During its early ages, the Moon’s surface was covered in a magma ocean. Over time, this began to solidify and crystallize into rock. This period of time also saw the Moon heavily beaten by impacts with spaceborne debris such as asteroids and comets. For a period of about 70 million years, volcanic eruptions built up an atmosphere around the Moon which was around twice as thick as the present-day atmosphere of Mars. Without a powerful magnetic field, though, the Moon’s atmosphere was eventually torn away by the solar wind.
3.92BYA-3.85BYA: Nectarian period
By this period of time, the Moon was entirely solidified, but continued to be bombarded by asteroids, comets, and other objects. The Nectaris impacts mark the end of the pre-Nectarian period, making the Moon with a sequence of craters that today form Mare Nectaris. Parts of the lunar highlands were formed by the Nectaris impacts, as debris from the strike was ejected into the atmosphere and collected outside of the basin boundary.
3.85BYA-3.20BYA: Imbrian Period
The Imbrian period is divided into two epochs, the Early and Late Imbrian; the transition between these two epochs occurred about 3.8 billion years ago, making the Early Imbrian a much shorter epoch of time. The beginning of this period is marked by the formation of Mare Imbrium, a lava plain caused by a massive impact. The Inner Solar System was still being bombarded by space debris during the Imbrian, but this was gradually winding down.
Numerous maria created by impacts during the Early Imbrian filled with basalt during the Late Imbrian epoch. This occurred as the Moon’s mantle rose, the overlying rock having been thinned by impacts from space. Much of the near side of the Moon took its current form during the Late Imbrian.
3.20BYA-1.10BYA: Eratosthenian period
This period of time is defined by craters such as Eratosthenes. These craters are not eroded by more recent impacts, since they formed during a period of time in which impacts from space debris were infrequent. Craters formed during the Eratosthenian period typically do not show ray systems of debris blasted out during the impacts, being too old for these to remain. The lava flows that dominated the Imbrian period grew less extreme throughout the Eratosthenian, ceasing by the end of the period.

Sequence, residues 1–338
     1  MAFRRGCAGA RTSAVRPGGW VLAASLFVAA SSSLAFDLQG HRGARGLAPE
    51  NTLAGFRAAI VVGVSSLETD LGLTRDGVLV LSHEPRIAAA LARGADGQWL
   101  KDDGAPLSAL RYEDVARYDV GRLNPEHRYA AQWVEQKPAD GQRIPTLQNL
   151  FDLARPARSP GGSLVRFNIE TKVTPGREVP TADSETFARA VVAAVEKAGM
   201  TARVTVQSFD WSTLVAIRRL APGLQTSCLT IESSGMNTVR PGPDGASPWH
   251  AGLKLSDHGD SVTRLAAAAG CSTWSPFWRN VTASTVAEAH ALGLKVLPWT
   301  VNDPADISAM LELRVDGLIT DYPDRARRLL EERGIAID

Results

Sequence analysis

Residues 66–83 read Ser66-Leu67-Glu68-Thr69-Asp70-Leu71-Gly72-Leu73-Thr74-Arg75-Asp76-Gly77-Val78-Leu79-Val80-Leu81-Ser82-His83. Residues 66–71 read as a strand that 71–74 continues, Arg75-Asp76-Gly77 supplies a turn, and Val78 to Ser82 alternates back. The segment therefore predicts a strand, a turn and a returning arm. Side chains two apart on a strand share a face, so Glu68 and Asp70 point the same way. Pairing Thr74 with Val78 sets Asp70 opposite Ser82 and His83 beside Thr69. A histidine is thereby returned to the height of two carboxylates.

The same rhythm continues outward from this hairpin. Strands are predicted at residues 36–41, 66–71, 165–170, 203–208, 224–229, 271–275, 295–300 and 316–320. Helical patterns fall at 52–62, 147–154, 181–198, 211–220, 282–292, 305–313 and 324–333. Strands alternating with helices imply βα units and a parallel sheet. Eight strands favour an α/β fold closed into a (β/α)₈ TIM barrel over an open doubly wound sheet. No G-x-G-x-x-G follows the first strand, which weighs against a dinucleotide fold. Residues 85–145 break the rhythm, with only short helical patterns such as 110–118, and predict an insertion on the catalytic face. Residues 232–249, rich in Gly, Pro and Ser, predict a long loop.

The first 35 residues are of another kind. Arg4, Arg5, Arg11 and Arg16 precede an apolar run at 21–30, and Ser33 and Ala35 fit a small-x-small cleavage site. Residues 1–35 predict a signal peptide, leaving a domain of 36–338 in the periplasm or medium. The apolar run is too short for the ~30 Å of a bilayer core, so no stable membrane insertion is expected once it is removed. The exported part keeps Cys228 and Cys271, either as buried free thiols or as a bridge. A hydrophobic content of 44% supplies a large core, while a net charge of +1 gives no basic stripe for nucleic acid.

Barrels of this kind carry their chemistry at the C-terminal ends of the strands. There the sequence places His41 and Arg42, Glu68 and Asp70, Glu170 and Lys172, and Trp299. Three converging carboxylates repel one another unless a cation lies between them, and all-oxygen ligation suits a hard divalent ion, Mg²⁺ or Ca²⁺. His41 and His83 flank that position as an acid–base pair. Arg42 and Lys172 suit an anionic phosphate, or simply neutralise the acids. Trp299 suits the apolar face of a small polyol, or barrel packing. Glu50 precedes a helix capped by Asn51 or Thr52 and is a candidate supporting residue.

1.10BYA-present: Copernican period
During the Copernican period, which is still considered ongoing, the Moon has remained a mostly quiet and inactive body. Moonquakes occasionally occur, as do asteroid impacts (one such impact which formed the crater Tycho occurred 180 million years ago during Earth’s Cretaceous period). Craters formed during the Copernican period typically have ray systems, formed by debris being ejected out during the crater’s impact formation. Older craters lose these features as they darken due to space weathering, but younger ray systems are brightly reflective.
During the Copernican period, animal life capable of seeing the Moon evolved on Earth. The Moon, despite having settled down geologically, exerts gravitational pressure on Earth which causes tidal motion. This is most obvious in Earth’s seas, as the water level rises and falls regularly as the Moon orbits Earth. The phases of the Moon, as caused by Earth’s shadow, affect the amount of ambient light available at night. These influences affected the evolution of life on Earth.
The evolution of humans, Earth’s first technological species, brought new purpose to the Moon beyond its ecological effects. Humans intensely studied the Moon for thousands of years, and by the year 1966, vehicles had been landed on the Moon’s surface by the Russian Luna program. Humans first set foot on the Moon in 1969, with astronaut Neil Armstrong of the American Apollo missions being the first to do so. While lunar research decreased during subsequent decades, it has not stopped entirely, as several countries continue to send exploratory vehicles to the Moon.
Commercial spaceflight has not yet, as of the early 2020s, reached the Moon. The concept for this has existed for decades, though: as early as 2001, Amanda Kirby considered the idea that a wealthy person could purchase tickets for the first-ever commercial lunar spaceflight to be a believable lie.